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Queens Chronicle

Vallone takes aim at ‘big cans’ ads

Pol outraged at Arizona campaign following coverage in the Chronicle

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Posted: Thursday, June 7, 2012 10:30 am | Updated: 11:18 am, Thu Jun 14, 2012.

Advertisements promoting Arizona Iced Tea have irked area leaders who call the slogan on the signs — “I love big cans” — sexist and offensive to women. Following exclusive coverage in the Queens Chronicle, one area lawmaker outraged over the marketing strategy is now encouraging people to not purchase the products.

“They have a pattern of offending people in order to make a profit,” City Councilman Peter Vallone Jr. (D-Astoria) said Thursday. “It is disrespectful, especially for a company that puts out a 23-ounce can of diabetes. It’s a product we should all stay away from.”

The signs that proclaim “I love big cans,” feature a picture of the tall drink. But “cans” is also slang for breasts, or, in its singular form, to a person’s behind.

The company claims it never intended to convey a sexual message, but Vallone called that “laughable.” Jackie Harrigan, a spokeswoman for Arizona, said the nationwide campaign, which has been running for about one year, is based solely on the popularity of its product.

“Arizona’s current campaign is meant to be lighthearted and to promote our 23-ounce cans,” Harrigan said in a email statement. “It celebrates our iconic packaging, and that’s the only message we intend to send.”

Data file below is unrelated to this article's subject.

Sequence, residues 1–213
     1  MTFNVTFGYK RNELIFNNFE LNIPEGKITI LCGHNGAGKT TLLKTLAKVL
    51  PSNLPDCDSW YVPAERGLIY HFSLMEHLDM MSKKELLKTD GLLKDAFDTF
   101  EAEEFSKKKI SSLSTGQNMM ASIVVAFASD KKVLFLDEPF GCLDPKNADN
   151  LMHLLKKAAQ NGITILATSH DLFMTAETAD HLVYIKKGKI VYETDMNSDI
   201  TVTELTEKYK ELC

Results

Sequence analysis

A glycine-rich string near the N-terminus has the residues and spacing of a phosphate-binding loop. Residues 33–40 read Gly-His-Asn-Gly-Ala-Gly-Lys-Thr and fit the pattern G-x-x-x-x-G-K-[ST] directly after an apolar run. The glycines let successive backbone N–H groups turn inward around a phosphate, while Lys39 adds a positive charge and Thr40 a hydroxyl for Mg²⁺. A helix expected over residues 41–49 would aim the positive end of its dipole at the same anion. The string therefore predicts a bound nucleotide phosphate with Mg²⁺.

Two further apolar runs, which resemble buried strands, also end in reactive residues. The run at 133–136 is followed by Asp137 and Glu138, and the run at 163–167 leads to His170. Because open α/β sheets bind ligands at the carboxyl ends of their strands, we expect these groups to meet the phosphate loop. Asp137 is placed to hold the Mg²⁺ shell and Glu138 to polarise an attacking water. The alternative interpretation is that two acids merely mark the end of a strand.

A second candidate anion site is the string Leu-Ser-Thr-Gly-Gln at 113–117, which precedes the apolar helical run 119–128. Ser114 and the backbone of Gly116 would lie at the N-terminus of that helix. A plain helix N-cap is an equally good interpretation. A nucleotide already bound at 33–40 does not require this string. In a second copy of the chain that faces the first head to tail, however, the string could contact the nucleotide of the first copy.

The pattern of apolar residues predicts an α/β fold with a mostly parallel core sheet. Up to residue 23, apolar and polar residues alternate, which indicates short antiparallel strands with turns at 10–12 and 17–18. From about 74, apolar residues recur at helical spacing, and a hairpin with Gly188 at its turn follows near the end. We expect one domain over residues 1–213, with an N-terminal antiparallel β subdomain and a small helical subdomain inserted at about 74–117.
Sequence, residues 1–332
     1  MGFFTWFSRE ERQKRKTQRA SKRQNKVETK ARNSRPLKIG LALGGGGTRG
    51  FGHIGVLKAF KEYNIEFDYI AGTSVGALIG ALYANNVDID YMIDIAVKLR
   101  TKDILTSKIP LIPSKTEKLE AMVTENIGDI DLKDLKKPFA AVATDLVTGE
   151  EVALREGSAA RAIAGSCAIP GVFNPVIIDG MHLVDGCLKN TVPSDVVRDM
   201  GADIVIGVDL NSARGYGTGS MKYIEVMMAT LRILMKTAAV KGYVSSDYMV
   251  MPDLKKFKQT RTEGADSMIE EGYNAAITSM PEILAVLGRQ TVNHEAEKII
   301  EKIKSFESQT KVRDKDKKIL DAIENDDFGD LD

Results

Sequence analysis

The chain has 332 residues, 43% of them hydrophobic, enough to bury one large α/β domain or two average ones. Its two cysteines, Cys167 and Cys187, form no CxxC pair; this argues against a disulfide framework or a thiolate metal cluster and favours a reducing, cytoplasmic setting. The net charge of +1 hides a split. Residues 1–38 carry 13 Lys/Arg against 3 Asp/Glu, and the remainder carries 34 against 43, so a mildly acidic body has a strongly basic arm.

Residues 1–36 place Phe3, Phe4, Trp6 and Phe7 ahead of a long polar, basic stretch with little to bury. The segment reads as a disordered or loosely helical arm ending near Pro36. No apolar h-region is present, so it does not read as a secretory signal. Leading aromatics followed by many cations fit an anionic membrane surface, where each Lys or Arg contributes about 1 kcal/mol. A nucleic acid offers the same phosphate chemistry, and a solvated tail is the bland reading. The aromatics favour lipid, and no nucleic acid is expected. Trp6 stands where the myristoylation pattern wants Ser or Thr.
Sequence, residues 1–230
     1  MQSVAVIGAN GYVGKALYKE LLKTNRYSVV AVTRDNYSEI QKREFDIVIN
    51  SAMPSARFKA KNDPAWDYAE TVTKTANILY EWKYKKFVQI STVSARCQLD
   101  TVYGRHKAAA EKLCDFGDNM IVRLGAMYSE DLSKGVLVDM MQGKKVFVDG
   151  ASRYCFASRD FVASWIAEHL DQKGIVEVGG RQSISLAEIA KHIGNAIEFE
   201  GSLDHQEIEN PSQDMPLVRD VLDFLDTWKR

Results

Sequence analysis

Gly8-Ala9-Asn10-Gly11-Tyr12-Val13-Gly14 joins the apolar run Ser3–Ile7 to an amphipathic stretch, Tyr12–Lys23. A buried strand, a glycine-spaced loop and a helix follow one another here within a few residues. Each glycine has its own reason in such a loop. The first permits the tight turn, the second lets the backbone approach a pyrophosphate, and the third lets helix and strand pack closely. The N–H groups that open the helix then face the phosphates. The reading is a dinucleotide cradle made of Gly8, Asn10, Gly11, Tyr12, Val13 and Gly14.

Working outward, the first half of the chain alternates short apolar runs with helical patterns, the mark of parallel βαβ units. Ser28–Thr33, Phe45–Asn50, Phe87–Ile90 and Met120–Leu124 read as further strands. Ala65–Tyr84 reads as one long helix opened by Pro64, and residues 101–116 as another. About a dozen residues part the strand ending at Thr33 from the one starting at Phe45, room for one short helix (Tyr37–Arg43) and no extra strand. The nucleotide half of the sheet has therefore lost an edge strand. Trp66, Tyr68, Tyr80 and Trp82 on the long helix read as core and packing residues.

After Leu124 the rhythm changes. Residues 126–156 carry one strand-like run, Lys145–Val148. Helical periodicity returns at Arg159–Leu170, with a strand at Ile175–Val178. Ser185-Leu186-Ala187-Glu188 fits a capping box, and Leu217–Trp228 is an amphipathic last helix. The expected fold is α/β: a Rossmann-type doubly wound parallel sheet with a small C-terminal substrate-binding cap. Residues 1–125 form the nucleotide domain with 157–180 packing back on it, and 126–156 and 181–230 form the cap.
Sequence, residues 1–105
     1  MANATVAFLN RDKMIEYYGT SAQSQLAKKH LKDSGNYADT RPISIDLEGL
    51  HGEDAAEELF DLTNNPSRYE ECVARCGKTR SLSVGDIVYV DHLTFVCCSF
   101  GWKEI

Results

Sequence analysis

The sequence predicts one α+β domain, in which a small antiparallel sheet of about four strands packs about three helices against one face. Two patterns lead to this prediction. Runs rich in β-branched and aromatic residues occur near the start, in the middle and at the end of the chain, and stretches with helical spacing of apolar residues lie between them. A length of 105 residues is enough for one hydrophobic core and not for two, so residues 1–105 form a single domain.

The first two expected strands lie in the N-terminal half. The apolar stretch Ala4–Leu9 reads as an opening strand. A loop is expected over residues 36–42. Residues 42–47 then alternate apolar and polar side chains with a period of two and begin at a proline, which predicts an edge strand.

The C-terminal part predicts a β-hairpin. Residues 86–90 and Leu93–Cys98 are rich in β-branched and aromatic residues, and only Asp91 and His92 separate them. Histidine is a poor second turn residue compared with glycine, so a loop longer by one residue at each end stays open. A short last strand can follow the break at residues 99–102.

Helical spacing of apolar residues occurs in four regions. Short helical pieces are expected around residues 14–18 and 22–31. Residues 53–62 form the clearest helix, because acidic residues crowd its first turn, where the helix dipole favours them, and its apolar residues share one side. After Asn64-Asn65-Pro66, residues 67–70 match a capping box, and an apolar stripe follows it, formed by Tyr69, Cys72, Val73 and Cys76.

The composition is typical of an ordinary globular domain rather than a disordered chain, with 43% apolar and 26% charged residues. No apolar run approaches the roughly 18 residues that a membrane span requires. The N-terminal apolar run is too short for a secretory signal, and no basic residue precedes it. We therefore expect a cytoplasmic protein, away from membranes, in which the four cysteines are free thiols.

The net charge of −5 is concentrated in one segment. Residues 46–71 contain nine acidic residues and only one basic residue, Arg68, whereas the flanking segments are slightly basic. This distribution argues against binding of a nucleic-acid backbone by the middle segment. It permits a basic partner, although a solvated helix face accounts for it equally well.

But Vallone’s not buying it.

“I guess the next thing Arizona will try to sell its customers is the Brooklyn Bridge,” he said.

Asked if the company would be pulling the ads, Harrigan did not respond.

This is not the first time Vallone has criticized the tea company. In 2008, he called on the president of the Arizona Beverage Company to discontinue the graffiti-covered design on the containers of its “All City NRG” energy drink.

Vallone said the cans glorified vandalism as they featured many graffiti tags, as well as defaced subway signs and buildings. “All City” is a term used to describe someone who has defaced property in every borough, Vallone said. Arizona did not heed Vallone’s advice, however, but the product eventually faded away.

Now Vallone has set his sights on “big cans.” He said as soon as he saw the May 7 story in the Chronicle, he immediately thought, “Here we go again.” Vallone added that Arizona should be more responsible in its advertising, and that previous campaigns by the company have outraged both women and Native Americans.

Although he said his constituents will ultimately have to decide for themselves whether or not they will buy the product, he believes it is his responsibility as a lawmaker to make them aware of such things and speak out on their behalf.

Asked what he would say to critics, who feel his time would be better spent addressing more serious issues, Vallone replied, “I have enough time to do what my job requires. We should not remain silent when it comes to offensive behavior.”

Vallone said he would be teaming up with City Councilman Leroy Comrie (D-St. Albans) to organize a boycott, but was not sure what form it would take yet. To start, Comrie said he would post his views about the ads on his website and Facebook page.

“They are directly disrespecting women in a sexist and vulgar manner,” Vallone said. “Arizona has no problem offending us, so I think the only way they will learn is if we hit them where it hurts — their sales numbers.”

City Councilwoman Julissa Ferreras (D-East Elmhurst), chairwoman of the Committee on Women’s Issues, and City Councilman James Sanders Jr. (D-Laurelton) were also troubled by the way Arizona is selling its tea.

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